The smell of death: evidence that putrescine elicits threat management mechanisms

Frontiers in Psychology 6:153623 (2015)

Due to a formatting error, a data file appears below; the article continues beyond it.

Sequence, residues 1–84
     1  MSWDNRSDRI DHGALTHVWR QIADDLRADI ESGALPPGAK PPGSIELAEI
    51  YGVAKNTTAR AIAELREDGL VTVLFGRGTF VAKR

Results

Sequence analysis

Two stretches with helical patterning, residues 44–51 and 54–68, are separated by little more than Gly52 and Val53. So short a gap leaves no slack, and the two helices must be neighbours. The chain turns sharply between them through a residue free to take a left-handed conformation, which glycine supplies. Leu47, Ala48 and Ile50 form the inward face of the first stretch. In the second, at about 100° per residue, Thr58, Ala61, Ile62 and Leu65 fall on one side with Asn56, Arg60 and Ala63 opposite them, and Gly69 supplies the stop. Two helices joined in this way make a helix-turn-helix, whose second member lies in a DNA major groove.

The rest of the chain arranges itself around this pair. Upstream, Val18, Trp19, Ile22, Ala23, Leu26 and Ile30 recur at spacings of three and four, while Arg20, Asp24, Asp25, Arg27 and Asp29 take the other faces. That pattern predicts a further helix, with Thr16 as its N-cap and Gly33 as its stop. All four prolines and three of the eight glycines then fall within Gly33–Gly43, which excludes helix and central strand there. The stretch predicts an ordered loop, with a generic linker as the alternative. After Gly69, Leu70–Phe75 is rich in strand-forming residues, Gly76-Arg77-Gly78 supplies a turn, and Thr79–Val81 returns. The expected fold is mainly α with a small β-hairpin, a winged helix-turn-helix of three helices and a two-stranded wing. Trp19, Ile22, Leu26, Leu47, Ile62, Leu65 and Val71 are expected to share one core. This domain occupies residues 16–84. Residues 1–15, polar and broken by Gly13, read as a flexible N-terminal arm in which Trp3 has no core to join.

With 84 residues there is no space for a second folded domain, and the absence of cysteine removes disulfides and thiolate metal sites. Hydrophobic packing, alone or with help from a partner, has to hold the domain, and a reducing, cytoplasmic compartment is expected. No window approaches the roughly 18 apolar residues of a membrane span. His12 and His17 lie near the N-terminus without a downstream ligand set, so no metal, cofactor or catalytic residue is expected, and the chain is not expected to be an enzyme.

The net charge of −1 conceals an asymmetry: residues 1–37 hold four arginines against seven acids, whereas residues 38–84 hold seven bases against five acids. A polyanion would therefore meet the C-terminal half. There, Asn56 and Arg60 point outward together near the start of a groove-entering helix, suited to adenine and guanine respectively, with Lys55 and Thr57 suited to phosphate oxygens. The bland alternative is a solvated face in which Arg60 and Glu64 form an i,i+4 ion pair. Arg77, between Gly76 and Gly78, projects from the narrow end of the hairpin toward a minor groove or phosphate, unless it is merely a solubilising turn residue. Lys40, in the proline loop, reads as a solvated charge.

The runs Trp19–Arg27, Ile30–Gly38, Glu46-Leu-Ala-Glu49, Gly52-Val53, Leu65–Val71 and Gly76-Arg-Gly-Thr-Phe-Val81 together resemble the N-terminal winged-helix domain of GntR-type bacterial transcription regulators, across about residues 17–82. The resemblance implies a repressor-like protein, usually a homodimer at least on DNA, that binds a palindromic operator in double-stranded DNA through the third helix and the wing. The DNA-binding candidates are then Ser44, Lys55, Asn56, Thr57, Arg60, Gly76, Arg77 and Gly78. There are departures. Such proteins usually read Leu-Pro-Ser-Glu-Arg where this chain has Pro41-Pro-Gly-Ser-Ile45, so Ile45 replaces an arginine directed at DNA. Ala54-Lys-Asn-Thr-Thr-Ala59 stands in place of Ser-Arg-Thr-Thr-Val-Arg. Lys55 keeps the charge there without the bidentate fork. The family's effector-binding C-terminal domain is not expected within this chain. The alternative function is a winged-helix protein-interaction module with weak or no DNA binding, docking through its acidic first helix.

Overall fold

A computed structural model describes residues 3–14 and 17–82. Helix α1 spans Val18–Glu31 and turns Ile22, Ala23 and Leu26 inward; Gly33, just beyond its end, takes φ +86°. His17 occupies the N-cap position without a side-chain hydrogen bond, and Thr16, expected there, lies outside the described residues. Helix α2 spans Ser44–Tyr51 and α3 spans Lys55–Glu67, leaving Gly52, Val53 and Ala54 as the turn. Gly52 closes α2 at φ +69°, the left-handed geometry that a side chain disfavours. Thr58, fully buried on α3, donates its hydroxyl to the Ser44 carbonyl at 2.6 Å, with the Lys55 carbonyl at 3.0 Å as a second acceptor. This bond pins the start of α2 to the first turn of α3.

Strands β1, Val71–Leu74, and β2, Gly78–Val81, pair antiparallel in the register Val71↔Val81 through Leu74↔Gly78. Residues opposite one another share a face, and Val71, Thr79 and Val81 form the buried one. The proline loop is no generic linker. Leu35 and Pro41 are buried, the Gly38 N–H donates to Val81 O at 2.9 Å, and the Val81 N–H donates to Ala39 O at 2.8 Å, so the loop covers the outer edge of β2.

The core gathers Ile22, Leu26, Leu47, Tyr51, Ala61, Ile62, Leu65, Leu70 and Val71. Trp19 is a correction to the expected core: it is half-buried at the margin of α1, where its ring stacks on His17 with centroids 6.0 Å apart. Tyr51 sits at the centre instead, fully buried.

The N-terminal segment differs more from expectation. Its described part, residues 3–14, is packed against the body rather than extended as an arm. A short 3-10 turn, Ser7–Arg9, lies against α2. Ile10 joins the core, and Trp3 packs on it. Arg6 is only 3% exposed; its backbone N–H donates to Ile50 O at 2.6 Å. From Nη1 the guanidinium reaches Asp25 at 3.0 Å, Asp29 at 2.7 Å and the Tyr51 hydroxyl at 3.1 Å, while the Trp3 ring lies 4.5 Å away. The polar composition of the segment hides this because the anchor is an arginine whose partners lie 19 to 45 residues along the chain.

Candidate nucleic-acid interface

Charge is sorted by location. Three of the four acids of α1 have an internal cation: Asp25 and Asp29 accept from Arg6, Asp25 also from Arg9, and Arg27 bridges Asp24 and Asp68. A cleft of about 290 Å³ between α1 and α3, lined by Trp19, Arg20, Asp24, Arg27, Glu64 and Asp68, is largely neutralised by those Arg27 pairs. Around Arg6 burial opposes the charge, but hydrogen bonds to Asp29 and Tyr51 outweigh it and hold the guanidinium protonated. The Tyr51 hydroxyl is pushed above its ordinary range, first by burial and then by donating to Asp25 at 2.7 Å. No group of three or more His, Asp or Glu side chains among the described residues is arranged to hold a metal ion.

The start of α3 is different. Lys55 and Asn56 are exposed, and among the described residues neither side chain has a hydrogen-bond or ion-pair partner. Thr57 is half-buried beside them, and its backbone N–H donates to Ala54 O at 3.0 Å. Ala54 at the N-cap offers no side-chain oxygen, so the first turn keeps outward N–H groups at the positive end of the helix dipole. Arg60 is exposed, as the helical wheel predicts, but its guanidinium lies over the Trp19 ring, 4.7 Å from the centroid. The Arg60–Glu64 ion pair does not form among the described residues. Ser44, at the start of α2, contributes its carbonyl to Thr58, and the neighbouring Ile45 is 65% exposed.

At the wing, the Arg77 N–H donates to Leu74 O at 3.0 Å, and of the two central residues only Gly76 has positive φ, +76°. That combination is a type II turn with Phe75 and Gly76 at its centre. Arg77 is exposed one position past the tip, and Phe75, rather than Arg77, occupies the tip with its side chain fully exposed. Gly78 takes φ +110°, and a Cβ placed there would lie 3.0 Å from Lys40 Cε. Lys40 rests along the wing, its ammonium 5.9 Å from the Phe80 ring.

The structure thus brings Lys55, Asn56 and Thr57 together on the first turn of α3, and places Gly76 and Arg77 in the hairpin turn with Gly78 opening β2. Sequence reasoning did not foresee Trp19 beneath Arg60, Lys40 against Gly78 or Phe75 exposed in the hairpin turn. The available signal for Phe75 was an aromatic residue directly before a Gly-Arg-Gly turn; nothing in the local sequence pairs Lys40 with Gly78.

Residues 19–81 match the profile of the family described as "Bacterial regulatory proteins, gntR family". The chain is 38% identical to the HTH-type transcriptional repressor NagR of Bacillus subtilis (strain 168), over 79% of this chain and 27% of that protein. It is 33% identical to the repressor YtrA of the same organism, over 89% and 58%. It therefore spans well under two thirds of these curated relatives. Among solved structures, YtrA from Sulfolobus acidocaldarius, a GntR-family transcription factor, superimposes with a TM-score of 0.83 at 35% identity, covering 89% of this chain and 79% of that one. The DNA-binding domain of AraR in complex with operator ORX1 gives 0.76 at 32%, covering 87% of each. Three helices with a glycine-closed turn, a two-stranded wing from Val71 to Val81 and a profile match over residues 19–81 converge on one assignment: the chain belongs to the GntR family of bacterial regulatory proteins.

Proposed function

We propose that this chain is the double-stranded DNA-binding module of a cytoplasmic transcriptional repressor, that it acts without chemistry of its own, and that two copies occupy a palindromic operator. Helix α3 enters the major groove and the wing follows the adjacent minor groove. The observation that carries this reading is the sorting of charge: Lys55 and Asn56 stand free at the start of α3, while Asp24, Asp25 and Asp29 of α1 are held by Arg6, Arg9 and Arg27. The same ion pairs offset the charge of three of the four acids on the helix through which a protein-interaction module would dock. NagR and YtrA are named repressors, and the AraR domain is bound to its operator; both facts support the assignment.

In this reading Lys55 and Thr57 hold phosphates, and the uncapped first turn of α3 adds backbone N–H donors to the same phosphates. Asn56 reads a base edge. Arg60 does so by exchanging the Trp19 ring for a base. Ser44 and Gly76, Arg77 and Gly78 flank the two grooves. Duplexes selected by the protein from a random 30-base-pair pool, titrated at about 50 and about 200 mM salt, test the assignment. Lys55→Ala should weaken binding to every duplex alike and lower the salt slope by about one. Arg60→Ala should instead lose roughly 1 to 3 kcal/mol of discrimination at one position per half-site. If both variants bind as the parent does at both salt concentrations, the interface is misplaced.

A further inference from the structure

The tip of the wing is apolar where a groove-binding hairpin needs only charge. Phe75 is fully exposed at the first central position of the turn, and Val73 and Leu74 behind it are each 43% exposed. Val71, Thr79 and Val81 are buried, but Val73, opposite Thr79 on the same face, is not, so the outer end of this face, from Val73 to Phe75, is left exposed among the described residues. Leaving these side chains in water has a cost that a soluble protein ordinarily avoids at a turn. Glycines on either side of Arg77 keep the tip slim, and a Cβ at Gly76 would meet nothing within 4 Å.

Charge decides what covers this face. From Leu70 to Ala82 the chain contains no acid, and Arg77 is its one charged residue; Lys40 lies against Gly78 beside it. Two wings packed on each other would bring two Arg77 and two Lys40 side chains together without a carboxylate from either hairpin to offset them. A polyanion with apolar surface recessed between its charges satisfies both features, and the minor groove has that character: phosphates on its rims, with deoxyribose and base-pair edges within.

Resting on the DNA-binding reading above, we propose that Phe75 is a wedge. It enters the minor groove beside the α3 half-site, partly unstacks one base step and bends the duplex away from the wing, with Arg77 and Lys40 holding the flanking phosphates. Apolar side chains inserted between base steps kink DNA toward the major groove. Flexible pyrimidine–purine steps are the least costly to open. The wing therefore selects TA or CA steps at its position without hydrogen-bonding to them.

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The ability to detect and respond to chemosensory threat cues in the environment plays a vital role in survival across species. However, little is known about which chemical compounds can act as olfactory threat signals in humans. We hypothesized that brief exposure to putrescine, a chemical compound produced by the breakdown of fatty acids in the decaying tissue of dead bodies, can function as a chemosensory warning signal, activating threat management responses (e.g., heightened alertness, fight-or-flight responses). This hypothesis was tested by gaging people’s responses to conscious and non-conscious exposure to putrescine. In Experiment 1, putrescine increased vigilance, as measured by a reaction time task. In Experiments 2 and 3, brief exposure to putrescine (vs. ammonia and a scentless control condition) prompted participants to walk away faster from the exposure site. Experiment 3 also showed that putrescine elicited implicit cognitions related to escape and threat. Experiment 4 found that exposure to putrescine, presented here below the threshold of conscious awareness, increased hostility toward an out-group member. Together, the results are the first to indicate that humans can process putrescine as a warning signal that mobilizes protective responses to deal with relevant threats. The implications of these results are briefly discussed.



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